Album Rating System 3 1/2 out of 5 records
Dave East, a Nas protégé, and new East Harlem up and comer, is an upgraded facsimile of what the streets of New York once were 20 years ago. Going through Hate Me Now is a ride through the past when mixtapes were king, and artists were postured to relevancy based on its success. Hate Me also has the normal offbeat, free-flowing rhyme cadence that ‘s pinnacle to East Coast hip-hop. In Get Acquainted, an aggressive, don’t-f*ck-with-me track that was probably made to solidify his street status to those who may doubt him, East raps in the chorus, “Figured I would trap until I made it. Two pistols on me, we could get acquainted.”
Being Nas’ pick for the next one in line comes with its perks. For a mixtape and a new artist he has a great line-up of features ranging from Jadakiss, Styles P, Pusha T, Mack Wilds, Nas, and more. His presence on these features is valuable because he doesn’t drown in their stardom. His writing holds it’s own weight juxtaposed with these rap heavyweights and doesn’t disappoint. Though there are no particular life lessons coming from East; he’s lyrical but not conscious like a Kendrick Lamar or a J.Cole, the bulk of Hate Me is braggadocios street music. Unlike his mentor Nas, who was extremely introspective and sensitive enough to capture the heartbeat of the streets, East seems to lack this quality, which brings a certain amount of gloom over his writing that could potentially be overlooked if he were able to make his experiences relatable to the casual listener.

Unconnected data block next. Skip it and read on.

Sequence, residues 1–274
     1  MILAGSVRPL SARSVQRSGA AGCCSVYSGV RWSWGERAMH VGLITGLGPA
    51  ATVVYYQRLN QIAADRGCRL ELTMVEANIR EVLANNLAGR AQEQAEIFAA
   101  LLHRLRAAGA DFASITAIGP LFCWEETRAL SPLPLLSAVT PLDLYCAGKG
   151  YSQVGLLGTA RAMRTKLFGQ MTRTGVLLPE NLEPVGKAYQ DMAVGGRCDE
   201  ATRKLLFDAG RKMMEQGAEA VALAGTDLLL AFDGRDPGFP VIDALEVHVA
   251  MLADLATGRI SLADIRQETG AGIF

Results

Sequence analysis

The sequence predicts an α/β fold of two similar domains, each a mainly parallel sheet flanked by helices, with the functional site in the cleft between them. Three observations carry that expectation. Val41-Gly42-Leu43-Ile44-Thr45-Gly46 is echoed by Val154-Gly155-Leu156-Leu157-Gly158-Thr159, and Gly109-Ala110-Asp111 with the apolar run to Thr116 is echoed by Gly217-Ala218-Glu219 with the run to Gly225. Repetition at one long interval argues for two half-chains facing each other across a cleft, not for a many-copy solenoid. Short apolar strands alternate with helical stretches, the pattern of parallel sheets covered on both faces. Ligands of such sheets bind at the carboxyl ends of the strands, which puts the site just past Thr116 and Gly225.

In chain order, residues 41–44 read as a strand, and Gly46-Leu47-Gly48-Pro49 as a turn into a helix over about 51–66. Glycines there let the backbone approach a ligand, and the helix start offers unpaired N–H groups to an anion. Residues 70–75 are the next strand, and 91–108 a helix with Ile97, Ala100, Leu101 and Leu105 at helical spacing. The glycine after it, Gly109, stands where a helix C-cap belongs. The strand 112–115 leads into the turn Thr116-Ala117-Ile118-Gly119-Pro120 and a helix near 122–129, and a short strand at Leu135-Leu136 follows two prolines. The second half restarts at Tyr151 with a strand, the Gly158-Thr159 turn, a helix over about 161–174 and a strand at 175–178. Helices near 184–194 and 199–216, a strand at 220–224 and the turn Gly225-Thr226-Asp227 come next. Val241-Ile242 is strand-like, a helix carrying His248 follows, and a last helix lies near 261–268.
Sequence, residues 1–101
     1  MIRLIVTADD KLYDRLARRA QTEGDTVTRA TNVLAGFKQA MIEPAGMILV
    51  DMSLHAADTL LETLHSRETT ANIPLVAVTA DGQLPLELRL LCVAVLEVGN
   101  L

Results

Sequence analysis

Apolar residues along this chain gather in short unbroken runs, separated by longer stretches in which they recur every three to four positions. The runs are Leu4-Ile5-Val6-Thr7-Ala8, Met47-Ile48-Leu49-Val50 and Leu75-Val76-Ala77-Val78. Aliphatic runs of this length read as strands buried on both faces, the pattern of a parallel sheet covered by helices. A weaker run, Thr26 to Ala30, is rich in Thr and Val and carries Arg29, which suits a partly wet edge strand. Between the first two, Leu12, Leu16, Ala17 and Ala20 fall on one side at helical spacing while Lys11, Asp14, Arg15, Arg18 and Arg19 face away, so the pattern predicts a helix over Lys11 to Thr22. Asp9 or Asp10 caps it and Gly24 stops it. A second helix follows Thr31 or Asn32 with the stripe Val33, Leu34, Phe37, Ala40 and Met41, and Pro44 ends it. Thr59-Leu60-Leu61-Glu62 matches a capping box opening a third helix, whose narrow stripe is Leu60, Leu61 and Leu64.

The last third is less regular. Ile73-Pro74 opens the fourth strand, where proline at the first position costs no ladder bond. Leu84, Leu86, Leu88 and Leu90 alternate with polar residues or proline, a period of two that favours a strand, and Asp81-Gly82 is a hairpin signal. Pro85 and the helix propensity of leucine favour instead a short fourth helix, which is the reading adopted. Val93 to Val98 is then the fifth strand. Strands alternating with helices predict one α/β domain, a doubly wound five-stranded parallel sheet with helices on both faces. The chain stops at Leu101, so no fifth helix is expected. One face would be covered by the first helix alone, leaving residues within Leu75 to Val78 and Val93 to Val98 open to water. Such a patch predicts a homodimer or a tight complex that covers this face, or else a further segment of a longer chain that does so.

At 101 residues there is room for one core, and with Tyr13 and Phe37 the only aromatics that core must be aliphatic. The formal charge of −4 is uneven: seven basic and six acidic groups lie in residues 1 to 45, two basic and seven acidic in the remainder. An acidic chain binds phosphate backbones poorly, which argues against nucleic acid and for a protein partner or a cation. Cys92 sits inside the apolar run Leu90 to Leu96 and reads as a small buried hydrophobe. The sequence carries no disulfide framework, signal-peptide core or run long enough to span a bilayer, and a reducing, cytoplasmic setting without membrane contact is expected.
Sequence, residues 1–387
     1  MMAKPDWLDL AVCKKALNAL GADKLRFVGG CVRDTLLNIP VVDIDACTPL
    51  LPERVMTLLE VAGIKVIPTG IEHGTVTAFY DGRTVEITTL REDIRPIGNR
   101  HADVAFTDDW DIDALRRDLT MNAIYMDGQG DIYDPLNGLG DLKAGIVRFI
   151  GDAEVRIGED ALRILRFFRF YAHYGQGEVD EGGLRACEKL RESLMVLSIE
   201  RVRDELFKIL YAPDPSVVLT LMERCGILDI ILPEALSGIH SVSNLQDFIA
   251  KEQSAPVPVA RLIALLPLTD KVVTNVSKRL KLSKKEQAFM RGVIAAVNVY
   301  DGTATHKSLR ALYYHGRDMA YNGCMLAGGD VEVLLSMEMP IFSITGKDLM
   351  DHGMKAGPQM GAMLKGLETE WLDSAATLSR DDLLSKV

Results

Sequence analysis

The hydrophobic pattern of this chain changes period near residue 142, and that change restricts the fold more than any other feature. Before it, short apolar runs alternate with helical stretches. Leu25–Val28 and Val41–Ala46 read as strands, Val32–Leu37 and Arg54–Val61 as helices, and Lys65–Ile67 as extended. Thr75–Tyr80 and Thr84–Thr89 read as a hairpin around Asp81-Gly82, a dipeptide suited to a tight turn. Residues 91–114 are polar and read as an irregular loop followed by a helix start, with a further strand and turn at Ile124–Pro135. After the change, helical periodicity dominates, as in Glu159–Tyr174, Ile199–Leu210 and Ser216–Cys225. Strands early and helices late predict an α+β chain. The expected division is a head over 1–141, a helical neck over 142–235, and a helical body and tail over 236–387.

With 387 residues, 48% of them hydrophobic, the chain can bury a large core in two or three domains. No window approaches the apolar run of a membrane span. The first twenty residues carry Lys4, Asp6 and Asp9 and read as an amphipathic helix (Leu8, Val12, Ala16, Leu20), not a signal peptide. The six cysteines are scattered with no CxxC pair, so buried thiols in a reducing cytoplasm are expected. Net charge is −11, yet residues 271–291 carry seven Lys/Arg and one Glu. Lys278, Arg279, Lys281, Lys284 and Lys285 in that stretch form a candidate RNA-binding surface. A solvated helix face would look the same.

There are also other good songs like the Nas assisted Forbes List, Numb, Give It To Her, and KD. In I Can’t Complain featuring Pusha T you relive the glory of the early 2000s and its illustrious metaphors like when Pusha raps “Champagne rains on your main b*tch. The SLS doors do the crane kick.”
Hosted by DJ Drama, Hate Me echoes remnants of the past when New York hip-hop was on top. For some it may seem this is where Hate Me ends, with East trying to “restore the feeling” of New York’s old sound, but what becomes apparent is that East’s story is kin to the street folklore of the 90’s, repackaged into a conversation that is relevant today.
Download Hate Me Now here – http://www.datpiff.com/Dave-East-Hate-Me-Now-mixtape.734610.html
© Copyright Eddie Savoy Bailey III, 2015
Written by: Eddie Bailey of The Savoy Media Group